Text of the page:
The internal environment of vertebrates is called the interstitial fluid and is very different from the external environment Homeostasis is a balance between external changes and the animal’s internal control mechanisms that oppose the changes

16 Mechanisms of Homeostasis
A homeostatic control system has three functional components: a receptor, a control center, and an effector Most homeostatic control systems function by negative feedback, where buildup of the end product shuts the system off In positive feedback, a change in a variable triggers mechanisms that amplify rather than reverse the change

17 Response No heat produced Heater turned off Room temperature decreases Set point Too hot Set point Set point Too cold Control center: thermostat Room temperature increases Heater turned on Response Heat produced

18 Ectotherms and Endotherms
Thermoregulation is the process by which animals maintain an internal temperature within a tolerable range Ectotherms include invertebrates, fishes, amphibians, and reptiles Endotherms include birds and mammals In general, ectotherms tolerate greater variation in internal temperature than endotherms

19 40 River otter (endotherm) 30 Body temperature (°C) 20 Largemouth bass (ectotherm) 10 10 20 30 40 Ambient (environmental) temperature (°C)

20 Endothermy is more energetically expensive than ectothermy
It buffers the animal’s internal temperatures against external fluctuations It also enables the animal to maintain a high level of aerobic metabolism Organisms exchange heat by four physical processes: conduction, convection, radiation, and evaporation

21 Radiation Evaporation Convection Conduction

22 Balancing Heat Loss and Gain
In thermoregulation, physiological and behavioral adjustments balance heat loss and gain Five general adaptations help animals thermoregulate: Insulation Circulatory adaptations Cooling by evaporative heat loss Behavioral responses Adjusting metabolic heat production

23 Insulation Insulation is a major thermoregulatory adaptation in mammals and birds It reduces heat flow between an animal and its environment Examples are skin, feathers, fur, and blubber In mammals, the integumentary system acts as insulating material

24 Hair Epidermis Sweat pore Muscle Dermis Nerve Sweat gland Hypodermis Adipose tissue Blood vessels Oil gland Hair follicle

25 Circulatory Adaptations
Many endotherms and some ectotherms can alter the amount of blood flowing between the body core and the skin In vasodilation, blood flow in the skin increases, facilitating heat loss In vasoconstriction, blood flow in the skin decreases, lowering heat loss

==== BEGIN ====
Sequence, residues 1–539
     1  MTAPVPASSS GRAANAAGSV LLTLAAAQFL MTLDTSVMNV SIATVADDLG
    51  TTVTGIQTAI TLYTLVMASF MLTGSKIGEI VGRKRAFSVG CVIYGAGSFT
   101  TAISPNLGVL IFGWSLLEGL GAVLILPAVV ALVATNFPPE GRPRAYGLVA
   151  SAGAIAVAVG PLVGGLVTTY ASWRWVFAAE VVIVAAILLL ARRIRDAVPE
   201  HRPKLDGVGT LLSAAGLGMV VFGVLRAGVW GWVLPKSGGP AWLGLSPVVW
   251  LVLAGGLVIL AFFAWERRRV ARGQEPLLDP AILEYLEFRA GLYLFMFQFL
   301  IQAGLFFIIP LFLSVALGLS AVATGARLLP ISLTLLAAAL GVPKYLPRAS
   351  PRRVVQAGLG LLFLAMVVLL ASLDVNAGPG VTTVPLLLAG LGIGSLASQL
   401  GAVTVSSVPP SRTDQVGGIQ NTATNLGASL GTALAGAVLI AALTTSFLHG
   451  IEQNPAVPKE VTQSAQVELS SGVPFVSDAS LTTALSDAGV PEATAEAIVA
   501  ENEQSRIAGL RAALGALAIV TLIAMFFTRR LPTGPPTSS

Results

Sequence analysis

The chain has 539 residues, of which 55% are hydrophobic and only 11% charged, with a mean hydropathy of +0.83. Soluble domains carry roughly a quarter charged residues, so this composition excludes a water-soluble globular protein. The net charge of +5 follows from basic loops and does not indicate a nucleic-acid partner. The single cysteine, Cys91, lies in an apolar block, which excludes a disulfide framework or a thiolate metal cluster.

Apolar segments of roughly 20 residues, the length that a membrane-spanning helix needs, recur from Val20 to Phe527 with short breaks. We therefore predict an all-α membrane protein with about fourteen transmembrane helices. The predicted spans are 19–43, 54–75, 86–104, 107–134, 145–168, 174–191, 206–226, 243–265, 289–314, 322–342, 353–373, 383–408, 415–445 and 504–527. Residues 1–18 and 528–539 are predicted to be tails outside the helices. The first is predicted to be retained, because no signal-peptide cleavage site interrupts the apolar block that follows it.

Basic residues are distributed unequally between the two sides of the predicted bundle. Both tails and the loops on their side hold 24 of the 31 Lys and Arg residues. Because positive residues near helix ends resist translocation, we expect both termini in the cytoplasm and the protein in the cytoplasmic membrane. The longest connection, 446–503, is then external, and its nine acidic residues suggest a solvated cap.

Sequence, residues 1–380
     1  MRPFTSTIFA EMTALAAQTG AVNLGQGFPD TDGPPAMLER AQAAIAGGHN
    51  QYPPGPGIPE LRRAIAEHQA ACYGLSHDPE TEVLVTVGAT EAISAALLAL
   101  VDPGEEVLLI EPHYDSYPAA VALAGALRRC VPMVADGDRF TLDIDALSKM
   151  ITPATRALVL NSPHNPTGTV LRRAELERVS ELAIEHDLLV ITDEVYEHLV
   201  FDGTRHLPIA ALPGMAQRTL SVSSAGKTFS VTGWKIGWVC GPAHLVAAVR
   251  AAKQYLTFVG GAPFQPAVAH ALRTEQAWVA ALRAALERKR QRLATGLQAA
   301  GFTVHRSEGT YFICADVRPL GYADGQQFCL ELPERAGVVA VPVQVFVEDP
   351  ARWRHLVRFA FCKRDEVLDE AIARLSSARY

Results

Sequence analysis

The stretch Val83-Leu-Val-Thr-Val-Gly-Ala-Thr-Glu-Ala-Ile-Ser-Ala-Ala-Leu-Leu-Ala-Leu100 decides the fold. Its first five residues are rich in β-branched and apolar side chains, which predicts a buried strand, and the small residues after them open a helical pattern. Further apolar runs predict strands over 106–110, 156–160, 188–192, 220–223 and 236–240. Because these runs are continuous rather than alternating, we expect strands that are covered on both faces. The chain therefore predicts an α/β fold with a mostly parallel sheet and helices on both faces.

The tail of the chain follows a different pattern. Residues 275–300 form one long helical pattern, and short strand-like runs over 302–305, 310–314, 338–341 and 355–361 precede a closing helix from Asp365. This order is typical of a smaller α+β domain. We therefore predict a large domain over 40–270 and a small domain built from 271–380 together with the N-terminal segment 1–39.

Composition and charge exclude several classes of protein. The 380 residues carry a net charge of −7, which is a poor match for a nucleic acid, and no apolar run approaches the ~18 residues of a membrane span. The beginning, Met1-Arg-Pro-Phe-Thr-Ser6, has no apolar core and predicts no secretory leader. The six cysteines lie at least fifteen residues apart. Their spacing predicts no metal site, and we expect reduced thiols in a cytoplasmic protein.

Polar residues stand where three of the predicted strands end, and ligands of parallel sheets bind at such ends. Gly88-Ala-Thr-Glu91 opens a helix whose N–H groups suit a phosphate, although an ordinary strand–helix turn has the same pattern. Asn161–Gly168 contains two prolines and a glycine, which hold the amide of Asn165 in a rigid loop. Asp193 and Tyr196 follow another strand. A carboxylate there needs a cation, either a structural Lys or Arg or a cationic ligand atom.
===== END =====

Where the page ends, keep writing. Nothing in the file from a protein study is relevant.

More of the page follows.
26 Many marine mammals and birds have an arrangement of blood vessels called a countercurrent heat exchanger Countercurrent heat exchangers are important for reducing heat loss Some bony fishes and sharks also have countercurrent heat exchangers

27 Canada goose Pacific bottlenose dolphin Blood flow Artery Vein Vein
33° 30° 27° 20° 18° 10°

28 Skin Artery Vein Blood vessels in gills Capillary network within muscle Heart Artery and vein under the skin Dorsal aorta Great white shark

29 Cooling by Evaporative Heat Loss
Many types of animals lose heat through evaporation of water in sweat Panting augments the cooling effect in birds and many mammals Bathing moistens the skin, helping to cool an animal down

30 Both endotherms and ectotherms use behavioral responses to control body temperature
Some terrestrial invertebrates have postures that minimize or maximize absorption of solar heat

31 Adjusting Metabolic Heat Production
Some animals can regulate body temperature by adjusting their rate of metabolic heat production Many species of flying insects use shivering to warm up before taking flight

32 Feedback Mechanisms in Thermoregulation
Mammals regulate body temperature by negative feedback involving several organ systems In humans, the hypothalamus (a part of the brain) contains nerve cells that function as a thermostat

33 Internal body temperature
Thermostat in hypothalamus activates cooling mechanisms. Sweat glands secrete sweat that evaporates, cooling the body. Blood vessels in skin dilate: capillaries fill with warm blood; heat radiates from skin surface. Increased body temperature (such as when exercising or in hot surroundings) Body temperature decreases; thermostat shuts off cooling mechanisms. Homeostasis: Internal body temperature of approximately 36–38°C Body temperature increases; thermostat shuts off warming mechanisms. Decreased body temperature (such as when in cold surroundings) Blood vessels in skin constrict, diverting blood from skin to deeper tissues and reducing heat loss from skin surface. Thermostat in hypothalamus activates warming mechanisms. Skeletal muscles rapidly contract, causing shivering, which generates heat.

34 Adjustment to Changing Temperatures
In acclimatization, many animals adjust to a new range of environmental temperatures over a period of days or weeks Acclimatization may involve cellular adjustments or (as in birds and mammals) adjustments of insulation and metabolic heat production

35 Torpor and Energy Conservation
Torpor is a physiological state in which activity is low and metabolism decreases Torpor enables animals to save energy while avoiding difficult and dangerous conditions Hibernation is long-term torpor that is an adaptation to winter cold and food scarcity

36 Additional metabolism that would be
necessary to stay active in winter 200 Actual metabolism Metabolic rate (kcal per day) 100 Arousals 35 Body temperature 30 25 20 Temperature (°C) 15 10 5 –5 Outside temperature Burrow temperature –10 –15 June August October December February April

37 Estivation, or summer torpor, enables animals to survive long periods of high temperatures and scarce water supplies Daily torpor is exhibited by many small mammals and birds and seems adapted to feeding patterns

38 Animations and Videos Bozeman – Thermoregulation
Bozeman - Anatomy and Physiology Bozeman - Organ Systems Chapter Quiz Questions – 1 Chapter Quiz Questions – 2